Touch Time is a real source of inspiration to me, I repeated a few months later, sitting in the studio in front of Ritsaert who was tired and clearly unhappy about the frequency with which he was seeing doctors. I said: if in the near or not so near future I will think about ‘Bruno, what is really at stake for you and what will you do with that’, I would most of all like to start something like your studio. It will probably not be a gallery, probably not a production house, probably not a consultancy firm, probably not a management company. It is fun to play with rule number one of marketing and management (“You should always phrase what you are doing positively!”, but then again, it says ‘probably…’), but that is not the only thing. What is also inspiring is how you organize your artistic activity: behind a window so that people from the street can see you, with a door that from time to time is open so that the street can walk in and discover what Touch Time is, with a library and bulks of information, with all the executed and non-executed ideas - the latter in your box with balloons - and with a unique set of artworks, from your hand and from other artists. That is what we seek: touching time and sharing it. Not doing business by having an idea and keeping it secret till it is copyrighted, but by sharing it with as many people as possible and getting in return better and other ideas. It might probably not be possible, but it seems Ritsaert has managed to do that.
Ritsaert, faithful to himself, tried to counter the idea. “Touch Time was an ideal and it hardly ever had worked the way I thought it had”, he said. He wrote me a day later: “Maybe I was a little down and you were on the right track. The original Touch Time might need some polishing, new energy and content.”. It is true: you open the door and see that the street does not walk in. The energy you need will make you go into the street and keep on looking for people that want to share ideas. But the setting of Touch Time makes it such that you are always opening yourself up to what you might least expect. Touch Time helps you to be sure that what you do is connected to what is going on.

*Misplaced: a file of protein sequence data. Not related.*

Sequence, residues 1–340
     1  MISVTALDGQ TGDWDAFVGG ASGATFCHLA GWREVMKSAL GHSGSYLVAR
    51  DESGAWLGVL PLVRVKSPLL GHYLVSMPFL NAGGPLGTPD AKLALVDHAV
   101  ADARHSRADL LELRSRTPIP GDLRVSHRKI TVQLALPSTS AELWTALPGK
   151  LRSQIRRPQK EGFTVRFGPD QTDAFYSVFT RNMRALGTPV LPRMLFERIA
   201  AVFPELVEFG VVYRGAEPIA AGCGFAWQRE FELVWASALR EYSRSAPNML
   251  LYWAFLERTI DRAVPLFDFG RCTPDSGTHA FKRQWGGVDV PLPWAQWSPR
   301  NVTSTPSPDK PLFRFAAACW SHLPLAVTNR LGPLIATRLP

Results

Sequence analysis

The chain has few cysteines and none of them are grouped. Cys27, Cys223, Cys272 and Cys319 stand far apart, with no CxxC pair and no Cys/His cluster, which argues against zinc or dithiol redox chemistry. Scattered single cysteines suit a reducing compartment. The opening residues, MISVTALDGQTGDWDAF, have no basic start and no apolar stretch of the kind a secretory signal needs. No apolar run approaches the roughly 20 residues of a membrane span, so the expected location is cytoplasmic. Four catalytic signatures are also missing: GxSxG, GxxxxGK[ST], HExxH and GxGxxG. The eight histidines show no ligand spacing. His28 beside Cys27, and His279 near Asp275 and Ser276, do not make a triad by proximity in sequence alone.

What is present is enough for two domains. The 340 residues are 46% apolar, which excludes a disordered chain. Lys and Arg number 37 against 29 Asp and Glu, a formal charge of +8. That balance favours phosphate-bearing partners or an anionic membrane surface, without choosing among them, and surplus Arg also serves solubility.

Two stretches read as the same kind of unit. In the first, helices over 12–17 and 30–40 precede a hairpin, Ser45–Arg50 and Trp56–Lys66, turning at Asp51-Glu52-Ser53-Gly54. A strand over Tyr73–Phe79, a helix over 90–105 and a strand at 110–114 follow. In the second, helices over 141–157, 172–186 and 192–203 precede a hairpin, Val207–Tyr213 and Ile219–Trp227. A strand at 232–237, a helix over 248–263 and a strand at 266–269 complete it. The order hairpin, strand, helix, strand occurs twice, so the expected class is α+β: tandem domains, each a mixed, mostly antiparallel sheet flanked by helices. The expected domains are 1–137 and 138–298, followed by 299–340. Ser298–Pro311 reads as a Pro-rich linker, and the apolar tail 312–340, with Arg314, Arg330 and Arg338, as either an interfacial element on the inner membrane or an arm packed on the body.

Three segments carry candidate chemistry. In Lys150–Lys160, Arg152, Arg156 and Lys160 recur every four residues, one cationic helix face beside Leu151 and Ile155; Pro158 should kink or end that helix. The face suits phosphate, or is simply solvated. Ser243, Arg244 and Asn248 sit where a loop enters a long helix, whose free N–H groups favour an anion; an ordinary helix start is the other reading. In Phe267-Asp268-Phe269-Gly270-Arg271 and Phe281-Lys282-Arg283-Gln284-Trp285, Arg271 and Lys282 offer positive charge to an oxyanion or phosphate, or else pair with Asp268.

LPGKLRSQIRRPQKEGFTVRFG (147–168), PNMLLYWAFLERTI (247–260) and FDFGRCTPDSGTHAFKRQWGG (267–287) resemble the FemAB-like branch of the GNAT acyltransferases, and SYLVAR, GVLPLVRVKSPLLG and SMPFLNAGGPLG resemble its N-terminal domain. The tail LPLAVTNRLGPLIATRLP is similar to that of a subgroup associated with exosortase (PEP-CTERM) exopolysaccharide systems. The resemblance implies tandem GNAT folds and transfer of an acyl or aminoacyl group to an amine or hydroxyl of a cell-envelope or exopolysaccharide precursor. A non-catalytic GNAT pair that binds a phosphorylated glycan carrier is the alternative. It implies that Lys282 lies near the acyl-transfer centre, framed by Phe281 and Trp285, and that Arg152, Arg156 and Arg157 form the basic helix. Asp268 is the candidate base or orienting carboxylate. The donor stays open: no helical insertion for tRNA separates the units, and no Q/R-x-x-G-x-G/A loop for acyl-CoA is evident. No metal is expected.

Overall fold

Time to cite Ritsaert citing his favourite: Winnie the Pooh (from The Long Goodbye, notes on the past (and future) of festivals, 2007)
You must be the Winnie the Pooh of things. Rabbit and Pooh are walking together in a thick fog. When Rabbit tells Pooh, "We'd better get on, I suppose, which way shall we try?" Pooh responds, "How would it be if as soon as we're out of sight of this Pit, we try to find it again?" To which the Rabbit of course grumpily mutters, "What's the good in that?" At which point Pooh -- as befits a famous Bear of Little Brain -- mildly tells Rabbit, "Well... we keep looking for Home and not finding it. I thought that if we looked for this Pit, we'd be sure not to find that, which would be a Good Thing, because then we might find something that we weren't looking for, which just might be what we were looking for, really.". To which Ritsaert adds: You're the key. Be Pooh. Forget about the Rabbit questions.
When we last saw each other, with Barbara and Colleen, we laughed a lot. When leaving, I said: “Ritsaert, it still is not really clear how and when, maybe soon, maybe later, but is it ok if I use - continue to use - the name Touch Time, in one way or another?”. “It’s OK”, he said, “and we should never forget to laugh!”.
Laughing, philosophers say, is the distinguishing human activity that for a short moment and in a safe way, disconnects us from reality, I would say, disconnects us from time. Only when being able to laugh, you will be able to experience the distance and by that, able to touch time. ‘Tóuch time’, Ritsaert would smile.
A friend wrote me, after having seen Ritsaerts video film ‘the offering’: “Thank you Ritsaert, for your fire, your glow, and your ashes from which the phoenix will rise”.
I promise, and I am sure many of us do too, to Touch Time, to do what we do till our last breath, and to end with dignity and festivity.
At Ritsaert ten Cate’s funeral, September 11, 2008